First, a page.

Over the Thanksgiving Holiday I sat down and reflected on all the little (and big) digital tools that I use each and every day that have made my life so much easier. As I started counting, I realized that many of them are apps on my phone and quite a few of them are decidedly not “main stream”. So you may not have heard of them. I decided to make a list of the Top 5.
Waze. Many people use Google Maps or Apple Maps and I do as well. Some people even know that Google bought Waze many years ago. But not everyone realizes the big difference between Waze’s truly crowd-sourced algorithms versus what all the other Maps programs offer. While Google and Apple Maps incorporate traffic updates based on traffic camera and sensor information, Waze relies on community-driven GPS information that comes from other people’s phones moving (or not moving) in real-time traffic. Thousands of phones and sometimes tens of thousands of phones directly on your route. This is what makes Waze’s turn-by-turn directions so much more reliable when you are driving in congested cities. I can’t tell you how many times I have been in the back of a New York City taxi or Uber and the route suggested by Waze shaved off 15 or 20 minutes from what Google Maps projected. The same has held true for me in Kuala Lumpur (where everyone seems to use the app) and in Berlin. If you are not yet using Waze, I encourage you to give it a try.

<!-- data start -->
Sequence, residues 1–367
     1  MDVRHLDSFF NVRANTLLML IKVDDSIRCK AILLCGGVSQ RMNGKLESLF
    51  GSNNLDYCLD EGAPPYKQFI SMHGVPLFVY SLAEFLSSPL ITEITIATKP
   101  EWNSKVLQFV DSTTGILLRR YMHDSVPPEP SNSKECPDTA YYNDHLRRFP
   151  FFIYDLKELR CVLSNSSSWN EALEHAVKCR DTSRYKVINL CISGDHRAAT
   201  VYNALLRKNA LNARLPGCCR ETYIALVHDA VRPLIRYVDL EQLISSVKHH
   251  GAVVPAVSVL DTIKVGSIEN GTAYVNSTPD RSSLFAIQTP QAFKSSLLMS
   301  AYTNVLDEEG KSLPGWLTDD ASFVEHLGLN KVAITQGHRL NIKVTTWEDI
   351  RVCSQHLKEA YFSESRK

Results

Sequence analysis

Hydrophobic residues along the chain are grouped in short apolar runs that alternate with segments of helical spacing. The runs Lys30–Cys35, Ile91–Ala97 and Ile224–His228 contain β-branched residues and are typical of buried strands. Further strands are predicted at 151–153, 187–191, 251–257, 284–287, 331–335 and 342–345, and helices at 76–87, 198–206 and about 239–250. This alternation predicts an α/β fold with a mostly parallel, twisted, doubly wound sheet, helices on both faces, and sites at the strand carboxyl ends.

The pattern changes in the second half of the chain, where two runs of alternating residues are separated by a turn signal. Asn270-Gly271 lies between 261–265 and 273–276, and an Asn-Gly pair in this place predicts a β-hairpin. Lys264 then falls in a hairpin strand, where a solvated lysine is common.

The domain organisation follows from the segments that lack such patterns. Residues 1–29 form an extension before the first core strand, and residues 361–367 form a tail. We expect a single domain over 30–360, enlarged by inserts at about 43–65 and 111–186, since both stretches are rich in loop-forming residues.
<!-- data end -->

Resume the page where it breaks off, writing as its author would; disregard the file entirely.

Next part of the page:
ToDo Cloud. There are many, many apps that promise to capture items on your to do list and bring them to your attention when you might be in a position to complete them. Some have catchy names (“Remember the Milk” is a popular app), some don’t (“Things” is another). But I have yet to find one that works as well for me as ToDo Cloud. There are many useful features but one that is particularly worth highlighting is the ability to “geotag” items on your to do list. As such a reminder to buy picture-hanging nails will pop up on your phone as you drive near the hardware store. Or a reminder to reach out to a friend in Atlanta will come on screen as you touch down at the airport. I use this feature a lot and I love it. The app is super-easy to set up and of course it syncs across all of your devices, including laptop or desktop.
Evernote. This software became my virtual filing cabinet several years ago. I scan documents into it using my phone or iPad. I file stuff that I may need again in the future. And, at any time, whether I am in Jakarta on business or whether I am taking a walk in New York’s Central Park, I am able to retrieve it instantly. It really works. So many times, my wife has turned to me and said, “do you happen to have a copy of…” and I am able to pull it up on my phone right away. For example, I have a folder for important documents. In it are scanned copies of my passport, driver’s license, birth certificate, automobile registration, social security card, and even our marriage certificate. I also have folders with restaurant recommendations for different cities and great historical quotations that I like to re-read from time to time. All of this information is stored securely in the system, and yet I can securely access it at a moment’s notice from anywhere in the world.